You can check the output of the alternator with a multimeter by probing AC voltage across each of the wires coming out of it. There's three wires and the voltage between all pair combinations should be around 60V AC at mid rev. That number may be a bit off since I'm basing my knowledge on another bike but it's up there. You're basically checking to make sure there's some voltage at the coils and none are shorted anywhere. For this test though you will need a known good battery because the wires you're probing are going to be disconnected from the R/R and for the duration the bike's going to be running purely off the battery.

Once you've eliminated both the battery and the alternator as potential culprits then it's likely the R/R. But someone else is going to have to chip in on how to diagnose that since I've never had to deal with it. On one of my previous bikes the R/R was just plain ol' dead so there wasn't much of diagnosing.
Hello Lyoha! Thank you for the reply.

I forgot to mention, the battery is brand new. It was changed by the previous owner, which further makes me suspect that there's something wrong with either the R/R or alternator.

When you're saying that the voltage between all wires should be 60V A/C, I assume I can just probe it with a multimeter in any order I please (as in, wire A / B / C independantly of any ground or R/R)?

And, mid rev = 5-7k?

I'll check the alternator and get back here!

Thanks again.
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post #4 of 9 (permalink) Old 07-18-2017, 10:22 AM
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There's two ways you can probe the alternator. One is by measuring resistance between a ground and a, b, then c and also between a/b, a/c, and b/c with the bike off. What you're looking for here is a short, or in other words no resistance. Another way is while the bike is running and ac voltage between a/b, a/c and b/c. I prefer to do the latter because it gives me more useful information than just resistance probing. And yeah, 5-7k is plenty to spool the alternator to give a decent ac voltage output. Just be careful not to zap anything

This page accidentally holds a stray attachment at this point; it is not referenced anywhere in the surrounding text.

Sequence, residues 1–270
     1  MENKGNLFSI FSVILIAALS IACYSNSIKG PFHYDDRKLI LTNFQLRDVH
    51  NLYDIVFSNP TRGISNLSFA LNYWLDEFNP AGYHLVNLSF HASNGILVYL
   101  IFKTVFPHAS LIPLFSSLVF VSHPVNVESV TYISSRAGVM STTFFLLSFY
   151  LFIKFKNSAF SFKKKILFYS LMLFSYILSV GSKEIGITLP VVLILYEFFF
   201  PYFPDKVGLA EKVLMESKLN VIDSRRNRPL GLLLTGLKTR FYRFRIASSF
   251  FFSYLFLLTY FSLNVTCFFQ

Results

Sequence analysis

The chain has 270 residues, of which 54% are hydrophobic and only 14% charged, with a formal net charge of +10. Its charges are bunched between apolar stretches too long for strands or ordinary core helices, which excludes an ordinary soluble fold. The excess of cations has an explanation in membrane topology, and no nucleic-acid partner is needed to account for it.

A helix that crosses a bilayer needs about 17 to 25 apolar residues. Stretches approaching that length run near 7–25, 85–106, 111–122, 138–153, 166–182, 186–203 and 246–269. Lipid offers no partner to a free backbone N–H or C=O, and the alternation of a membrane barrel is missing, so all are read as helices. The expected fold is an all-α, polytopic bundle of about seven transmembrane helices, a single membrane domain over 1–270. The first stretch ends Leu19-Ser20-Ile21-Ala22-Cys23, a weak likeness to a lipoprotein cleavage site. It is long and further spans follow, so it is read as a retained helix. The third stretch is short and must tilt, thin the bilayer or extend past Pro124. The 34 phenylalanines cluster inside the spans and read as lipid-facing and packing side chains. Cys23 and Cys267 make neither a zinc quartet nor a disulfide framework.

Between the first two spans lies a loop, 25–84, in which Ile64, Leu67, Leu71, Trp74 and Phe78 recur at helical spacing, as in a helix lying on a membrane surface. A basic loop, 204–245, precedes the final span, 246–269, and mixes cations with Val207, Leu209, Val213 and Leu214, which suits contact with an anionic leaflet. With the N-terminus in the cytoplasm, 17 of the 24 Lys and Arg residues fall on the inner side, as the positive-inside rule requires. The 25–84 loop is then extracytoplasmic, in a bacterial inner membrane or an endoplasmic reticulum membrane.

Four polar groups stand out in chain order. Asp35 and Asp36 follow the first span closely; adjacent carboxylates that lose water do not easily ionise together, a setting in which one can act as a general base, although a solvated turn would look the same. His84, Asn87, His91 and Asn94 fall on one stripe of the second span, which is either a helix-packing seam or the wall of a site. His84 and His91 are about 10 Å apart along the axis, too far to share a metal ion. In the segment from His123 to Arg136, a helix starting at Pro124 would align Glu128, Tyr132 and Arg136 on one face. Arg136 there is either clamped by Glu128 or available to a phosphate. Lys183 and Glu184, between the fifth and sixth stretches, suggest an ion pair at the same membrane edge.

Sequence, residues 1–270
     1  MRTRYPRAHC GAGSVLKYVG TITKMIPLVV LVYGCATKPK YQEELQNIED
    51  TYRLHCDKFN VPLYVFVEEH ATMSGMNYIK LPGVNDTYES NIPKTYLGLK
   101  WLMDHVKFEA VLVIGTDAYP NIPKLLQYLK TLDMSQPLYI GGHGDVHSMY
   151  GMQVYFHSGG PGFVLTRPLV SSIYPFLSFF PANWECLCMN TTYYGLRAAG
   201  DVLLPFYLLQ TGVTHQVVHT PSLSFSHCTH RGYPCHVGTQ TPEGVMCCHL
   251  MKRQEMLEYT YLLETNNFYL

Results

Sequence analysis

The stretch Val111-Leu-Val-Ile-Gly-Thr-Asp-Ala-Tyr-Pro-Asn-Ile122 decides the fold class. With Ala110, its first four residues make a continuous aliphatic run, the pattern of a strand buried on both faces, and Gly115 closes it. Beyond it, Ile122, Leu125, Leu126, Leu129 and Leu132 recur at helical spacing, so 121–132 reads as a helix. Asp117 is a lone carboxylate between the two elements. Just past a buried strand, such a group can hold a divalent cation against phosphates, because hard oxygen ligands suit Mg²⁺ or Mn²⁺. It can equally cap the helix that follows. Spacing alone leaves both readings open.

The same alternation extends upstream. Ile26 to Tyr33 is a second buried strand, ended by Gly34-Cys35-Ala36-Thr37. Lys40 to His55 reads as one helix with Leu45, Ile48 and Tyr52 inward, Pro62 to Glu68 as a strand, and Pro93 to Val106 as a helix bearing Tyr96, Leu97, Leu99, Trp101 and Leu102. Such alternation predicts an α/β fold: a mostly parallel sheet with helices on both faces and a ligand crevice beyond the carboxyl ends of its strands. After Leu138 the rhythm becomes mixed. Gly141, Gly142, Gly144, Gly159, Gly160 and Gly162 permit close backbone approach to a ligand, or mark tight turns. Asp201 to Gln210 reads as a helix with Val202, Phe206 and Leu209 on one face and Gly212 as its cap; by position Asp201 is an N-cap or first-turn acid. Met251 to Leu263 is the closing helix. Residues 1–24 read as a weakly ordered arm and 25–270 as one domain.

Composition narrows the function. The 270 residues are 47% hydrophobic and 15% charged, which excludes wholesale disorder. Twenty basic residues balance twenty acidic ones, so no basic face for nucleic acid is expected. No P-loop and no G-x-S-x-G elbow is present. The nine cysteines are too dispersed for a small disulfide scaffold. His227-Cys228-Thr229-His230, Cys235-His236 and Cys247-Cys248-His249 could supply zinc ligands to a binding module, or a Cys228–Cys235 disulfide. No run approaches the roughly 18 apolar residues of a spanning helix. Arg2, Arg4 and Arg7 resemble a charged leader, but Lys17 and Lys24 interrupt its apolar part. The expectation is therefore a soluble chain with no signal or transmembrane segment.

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post #5 of 9 (permalink) Old 07-18-2017, 10:46 AM
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The resistance of the stator coils isn't a useful test. They are going to read sweet **** all if they are good or shorted. The only thing you may find is an open loop or ground fault.

Either way, if it's not open or grounded your test is likely to be inconclusive.


Check voltages with the bike running. You can lose a coil and still have charging current, just not sufficient charging current.
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post #6 of 9 (permalink) Old 07-19-2017, 12:29 PM Thread Starter
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Well, just measured it. Cable A-B = 20ish at idle, 65ish at 5k, 75 at 7k.

A-C and B-C 0.01 no matter RPM. Feels like C is fubar.

Time to open up the stator. Anything to look for, or just replace?
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post #7 of 9 (permalink) Old 07-19-2017, 09:10 PM
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It's likely to be a replacement

You'll likely find a burnt winding


When you replace the stator make sure your battery is good. A bad battery can lead to charging system damage. So do your diligence and make sure the entire system is healthy
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post #8 of 9 (permalink) Old 07-21-2017, 10:41 AM
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A bit late to the party but what wibbly said. Unless you REALLY feel like rewinding them yourself...

^That's in jest. It's a b!tch of a job.
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post #9 of 9 (permalink) Old 07-21-2017, 05:07 PM
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My 2009 did this same thing. 1 phase only output 7 VAC and the rest was 20-80VAC. I bought a new stator and flywheel. I have not finished installing both parts yet.